Bullshit.  Twice.

     My old friend Chris Smaby (a real 6th dan with the Japan Karate Assn.; Shotokan) once told me that there were some people who didn't have a clue, and then there were those who didn't even suspect.

     These bozos didn't even suspect.

     But the audience was assured that this was the real, lethal art of Taekwondo.

     I remember my old friend Mike Biggs, who served three tours in Vietnam as a green beret.  Mike said that the only nights he ever slept soundly was when he was in an ROK firebase; especially the Whitehorse Division.  Even the VC didn't mess with these guys.

     You see, the uniform of the day for the Korean's Whitehorse Division was a karategi.  For real.  At oh-early thirty, they'd line up for inspection in karate uniforms!  And instead of some bitching about early morning PT (physical training), they'd practice Taekwondo.  REAL Taekwondo - not the stuff we saw in the Olympics.  These guys were dangerous and if they managed to close in with an NVA or VC unit, they'd go hand-to-hand.  Because they ENJOYED it.  They killed a LOT of enemy troops - many with their bare hands (!!) and feet.  The enemy was so terrified of these guys that NO KOREAN FIREBASE WAS EVER ATTACKED DURING THE ENTIRE WAR!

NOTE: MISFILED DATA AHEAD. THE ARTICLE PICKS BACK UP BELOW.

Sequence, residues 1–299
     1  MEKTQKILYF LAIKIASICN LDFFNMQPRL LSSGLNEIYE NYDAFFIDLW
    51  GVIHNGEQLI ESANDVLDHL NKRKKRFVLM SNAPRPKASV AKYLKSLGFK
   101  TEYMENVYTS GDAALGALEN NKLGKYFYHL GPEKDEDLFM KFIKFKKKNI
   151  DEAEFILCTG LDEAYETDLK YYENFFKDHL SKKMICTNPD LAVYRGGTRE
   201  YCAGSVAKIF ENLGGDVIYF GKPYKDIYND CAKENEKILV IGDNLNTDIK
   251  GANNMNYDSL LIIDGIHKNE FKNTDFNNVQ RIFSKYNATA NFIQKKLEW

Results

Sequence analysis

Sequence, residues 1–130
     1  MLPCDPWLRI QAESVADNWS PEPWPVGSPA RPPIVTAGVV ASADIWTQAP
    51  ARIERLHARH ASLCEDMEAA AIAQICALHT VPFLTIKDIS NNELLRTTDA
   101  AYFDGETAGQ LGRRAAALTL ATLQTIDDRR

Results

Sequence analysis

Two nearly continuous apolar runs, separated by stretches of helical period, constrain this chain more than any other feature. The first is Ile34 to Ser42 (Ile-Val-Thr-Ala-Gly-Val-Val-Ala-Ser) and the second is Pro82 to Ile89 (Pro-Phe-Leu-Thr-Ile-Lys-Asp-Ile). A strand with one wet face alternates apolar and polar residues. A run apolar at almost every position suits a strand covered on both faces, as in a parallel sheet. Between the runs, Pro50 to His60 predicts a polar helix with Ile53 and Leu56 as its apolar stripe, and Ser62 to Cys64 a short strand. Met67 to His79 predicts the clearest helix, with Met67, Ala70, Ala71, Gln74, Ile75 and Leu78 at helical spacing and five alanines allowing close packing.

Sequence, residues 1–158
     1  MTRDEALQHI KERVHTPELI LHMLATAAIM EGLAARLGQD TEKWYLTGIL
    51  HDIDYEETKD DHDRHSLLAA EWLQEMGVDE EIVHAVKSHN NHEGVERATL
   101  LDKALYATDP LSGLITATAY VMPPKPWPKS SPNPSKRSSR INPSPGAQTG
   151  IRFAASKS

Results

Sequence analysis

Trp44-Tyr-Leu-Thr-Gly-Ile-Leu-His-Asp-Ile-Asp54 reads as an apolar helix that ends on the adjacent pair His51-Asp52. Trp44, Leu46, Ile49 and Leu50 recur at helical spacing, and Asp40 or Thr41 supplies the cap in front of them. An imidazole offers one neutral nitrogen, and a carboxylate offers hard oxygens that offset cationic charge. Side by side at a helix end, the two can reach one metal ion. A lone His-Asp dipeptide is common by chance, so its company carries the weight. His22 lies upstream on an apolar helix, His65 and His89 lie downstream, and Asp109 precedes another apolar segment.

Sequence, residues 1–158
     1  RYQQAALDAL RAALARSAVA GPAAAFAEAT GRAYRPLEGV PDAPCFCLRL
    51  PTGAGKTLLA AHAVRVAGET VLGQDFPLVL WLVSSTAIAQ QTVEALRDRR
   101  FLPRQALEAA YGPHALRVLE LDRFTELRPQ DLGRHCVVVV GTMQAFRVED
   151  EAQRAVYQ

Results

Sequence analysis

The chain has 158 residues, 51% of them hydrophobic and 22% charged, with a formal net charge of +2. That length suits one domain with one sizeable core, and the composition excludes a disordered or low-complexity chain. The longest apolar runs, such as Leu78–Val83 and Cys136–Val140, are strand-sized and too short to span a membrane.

Wonder what happened to THAT kind of Taekwondo?  It sure isn't the same thing I saw in the '04 Olympics! 

     As for Karen’s sitting, hair-over face with low-cut top posture...I know she never heard of the Dadaodui (Big Broadsword Unit) of the Chinese Army in WWII.  Their unit motto was:

"When our bullets are gone, we use our rifles,

When our rifles break, we use our broadsword,

When our swords are broken, we use our fists,

When our fists are broken, we bite."

     These were some tough mothers and the Japanese troops were absolutely terrified of them.  They were all martial arts practitioners of various styles and they all carried a broadsword on their backs.  Really.  They especially liked night operations; they'd sneak up and jump into Japanese foxholes and kill everyone with their swords or bare hands.  They did not leave many enemy survivors.

     Wonder what happened to THAT kind of kung-fu?  Wonder what they'd think of Karen's form?